A British luxury car manufacturer.
As a luxury car maker with a very small addressable market, the company is dependent on customer loyalty to drive repeat sales. In this case, the value of a loyal customer who buys more than one car is around three times that of a customer who buys only one car.
Faculty was charged with building a data-driven model that could identify existing loyal and non-loyal customers; could accurately predict which non-loyal customers were most likely to become loyal in the future; and, for existing loyal customers, could predict which car they were most likely to buy next.
After reviewing the company’s data set, we highlighted the need to incorporate some less obvious features. This included days from the model launch to purchase and, for loyal customers, the time between the purchase of the first and second cars.
We then created a supervised machine learning classifier that distinguished between loyal and non-loyal customers. We tested a number of classification algorithms, before concluding that the best performer was the Support Vector Machine algorithm. This correctly identified four out of five loyal customers and three out of five non-loyal customers in a previously unseen test.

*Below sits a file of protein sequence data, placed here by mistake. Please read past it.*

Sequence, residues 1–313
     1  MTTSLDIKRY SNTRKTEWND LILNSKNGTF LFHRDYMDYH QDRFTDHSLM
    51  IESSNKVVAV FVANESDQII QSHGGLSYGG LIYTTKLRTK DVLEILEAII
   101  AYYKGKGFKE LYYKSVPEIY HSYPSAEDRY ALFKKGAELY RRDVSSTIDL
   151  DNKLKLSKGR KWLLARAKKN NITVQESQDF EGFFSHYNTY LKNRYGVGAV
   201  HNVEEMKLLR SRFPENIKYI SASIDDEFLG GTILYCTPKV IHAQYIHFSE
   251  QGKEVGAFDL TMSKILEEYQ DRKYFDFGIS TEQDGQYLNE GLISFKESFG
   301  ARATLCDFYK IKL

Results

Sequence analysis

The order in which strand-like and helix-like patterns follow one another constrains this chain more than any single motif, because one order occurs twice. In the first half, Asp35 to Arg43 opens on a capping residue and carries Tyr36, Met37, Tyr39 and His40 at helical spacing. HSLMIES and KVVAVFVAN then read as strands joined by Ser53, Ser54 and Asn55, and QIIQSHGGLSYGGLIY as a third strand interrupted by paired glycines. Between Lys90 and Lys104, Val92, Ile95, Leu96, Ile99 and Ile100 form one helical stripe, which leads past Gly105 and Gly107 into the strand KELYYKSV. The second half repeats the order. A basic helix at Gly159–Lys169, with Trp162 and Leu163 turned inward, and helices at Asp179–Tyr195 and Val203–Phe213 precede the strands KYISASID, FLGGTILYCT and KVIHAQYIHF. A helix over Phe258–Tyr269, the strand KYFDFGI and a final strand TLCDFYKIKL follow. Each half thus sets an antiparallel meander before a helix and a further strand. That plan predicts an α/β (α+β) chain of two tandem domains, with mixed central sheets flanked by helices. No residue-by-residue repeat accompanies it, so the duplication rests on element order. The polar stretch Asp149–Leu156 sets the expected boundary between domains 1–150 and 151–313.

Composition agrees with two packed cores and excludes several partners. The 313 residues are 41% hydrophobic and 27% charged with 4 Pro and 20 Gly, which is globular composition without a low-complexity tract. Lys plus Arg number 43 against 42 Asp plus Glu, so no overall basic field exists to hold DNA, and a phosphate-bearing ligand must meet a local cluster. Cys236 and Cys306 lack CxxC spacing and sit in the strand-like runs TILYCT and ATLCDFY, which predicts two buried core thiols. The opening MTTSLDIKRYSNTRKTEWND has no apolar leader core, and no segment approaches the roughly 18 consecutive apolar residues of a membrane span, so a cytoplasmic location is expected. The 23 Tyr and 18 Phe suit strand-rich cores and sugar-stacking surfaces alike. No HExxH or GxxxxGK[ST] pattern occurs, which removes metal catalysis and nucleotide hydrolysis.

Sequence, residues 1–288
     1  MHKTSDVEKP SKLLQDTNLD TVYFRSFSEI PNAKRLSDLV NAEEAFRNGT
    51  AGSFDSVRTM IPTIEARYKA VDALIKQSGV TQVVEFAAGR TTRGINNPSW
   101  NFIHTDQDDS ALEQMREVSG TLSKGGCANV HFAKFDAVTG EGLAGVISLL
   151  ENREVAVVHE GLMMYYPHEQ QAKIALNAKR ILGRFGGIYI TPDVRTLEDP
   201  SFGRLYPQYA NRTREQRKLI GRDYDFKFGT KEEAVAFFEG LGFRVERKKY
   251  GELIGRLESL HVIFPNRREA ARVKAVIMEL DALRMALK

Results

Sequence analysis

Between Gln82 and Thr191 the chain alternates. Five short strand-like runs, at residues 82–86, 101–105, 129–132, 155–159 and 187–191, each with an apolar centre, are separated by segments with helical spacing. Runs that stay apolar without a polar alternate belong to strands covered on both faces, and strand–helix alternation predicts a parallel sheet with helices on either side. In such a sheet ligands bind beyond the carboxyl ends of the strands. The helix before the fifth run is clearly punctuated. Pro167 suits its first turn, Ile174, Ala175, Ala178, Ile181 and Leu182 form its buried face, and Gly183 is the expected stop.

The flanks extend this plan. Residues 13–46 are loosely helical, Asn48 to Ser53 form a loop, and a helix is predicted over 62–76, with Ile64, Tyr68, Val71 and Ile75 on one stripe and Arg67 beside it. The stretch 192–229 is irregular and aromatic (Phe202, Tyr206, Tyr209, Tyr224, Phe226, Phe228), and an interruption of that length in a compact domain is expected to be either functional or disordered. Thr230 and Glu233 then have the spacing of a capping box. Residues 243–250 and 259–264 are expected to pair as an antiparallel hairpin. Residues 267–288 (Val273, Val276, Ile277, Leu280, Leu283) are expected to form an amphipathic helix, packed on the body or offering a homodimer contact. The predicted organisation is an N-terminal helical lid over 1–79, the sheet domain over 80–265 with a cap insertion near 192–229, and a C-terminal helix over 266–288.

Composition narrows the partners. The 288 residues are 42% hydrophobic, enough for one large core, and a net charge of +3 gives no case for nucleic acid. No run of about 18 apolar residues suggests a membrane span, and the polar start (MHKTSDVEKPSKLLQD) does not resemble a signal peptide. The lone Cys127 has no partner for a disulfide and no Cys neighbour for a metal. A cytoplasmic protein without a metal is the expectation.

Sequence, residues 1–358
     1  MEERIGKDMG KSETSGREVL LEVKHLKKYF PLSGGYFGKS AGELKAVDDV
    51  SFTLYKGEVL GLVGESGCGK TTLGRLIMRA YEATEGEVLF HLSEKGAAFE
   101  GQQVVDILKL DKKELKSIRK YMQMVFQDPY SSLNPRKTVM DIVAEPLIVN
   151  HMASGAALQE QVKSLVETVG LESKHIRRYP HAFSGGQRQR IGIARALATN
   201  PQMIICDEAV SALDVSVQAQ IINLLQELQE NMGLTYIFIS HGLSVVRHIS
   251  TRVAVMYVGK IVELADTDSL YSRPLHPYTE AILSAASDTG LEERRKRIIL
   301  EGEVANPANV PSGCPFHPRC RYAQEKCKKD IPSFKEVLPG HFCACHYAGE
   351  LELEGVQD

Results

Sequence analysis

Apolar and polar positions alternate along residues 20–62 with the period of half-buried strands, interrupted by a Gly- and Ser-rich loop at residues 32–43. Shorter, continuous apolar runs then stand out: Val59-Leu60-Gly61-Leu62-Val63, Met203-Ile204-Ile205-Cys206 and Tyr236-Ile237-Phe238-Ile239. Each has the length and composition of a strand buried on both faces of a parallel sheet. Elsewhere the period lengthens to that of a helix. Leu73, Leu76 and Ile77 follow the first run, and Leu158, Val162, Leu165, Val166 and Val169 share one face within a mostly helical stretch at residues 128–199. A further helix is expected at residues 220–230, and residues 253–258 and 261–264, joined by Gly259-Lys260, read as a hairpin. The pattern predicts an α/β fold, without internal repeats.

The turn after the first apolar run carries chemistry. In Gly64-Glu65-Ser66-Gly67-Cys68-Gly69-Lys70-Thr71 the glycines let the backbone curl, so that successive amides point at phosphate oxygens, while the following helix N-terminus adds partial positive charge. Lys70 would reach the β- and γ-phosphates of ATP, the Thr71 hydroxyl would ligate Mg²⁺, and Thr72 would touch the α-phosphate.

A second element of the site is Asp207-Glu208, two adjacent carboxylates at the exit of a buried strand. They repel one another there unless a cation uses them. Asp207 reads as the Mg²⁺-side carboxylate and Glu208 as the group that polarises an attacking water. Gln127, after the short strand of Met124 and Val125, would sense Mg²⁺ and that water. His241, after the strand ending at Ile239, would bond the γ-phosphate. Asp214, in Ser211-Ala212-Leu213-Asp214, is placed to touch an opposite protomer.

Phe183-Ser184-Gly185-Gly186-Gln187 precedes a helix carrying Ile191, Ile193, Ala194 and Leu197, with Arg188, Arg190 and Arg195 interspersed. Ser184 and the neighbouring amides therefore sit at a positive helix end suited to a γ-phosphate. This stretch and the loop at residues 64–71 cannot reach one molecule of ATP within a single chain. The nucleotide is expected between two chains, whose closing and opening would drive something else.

Once we had identified to a greater degree of accuracy the loyal customers, we used a random forest to determine which of four available models they would be most likely to buy next.
Our methodology for predicting new loyal customers has the potential to earn this car company millions in extra sales by allowing it to focus its customer care resources on those customers who are most likely to buy again.
Our model is now being used by the company’s European sales and marketing teams to improve the effectiveness of its future loyalty marketing campaigns, and there are plans to roll it out globally.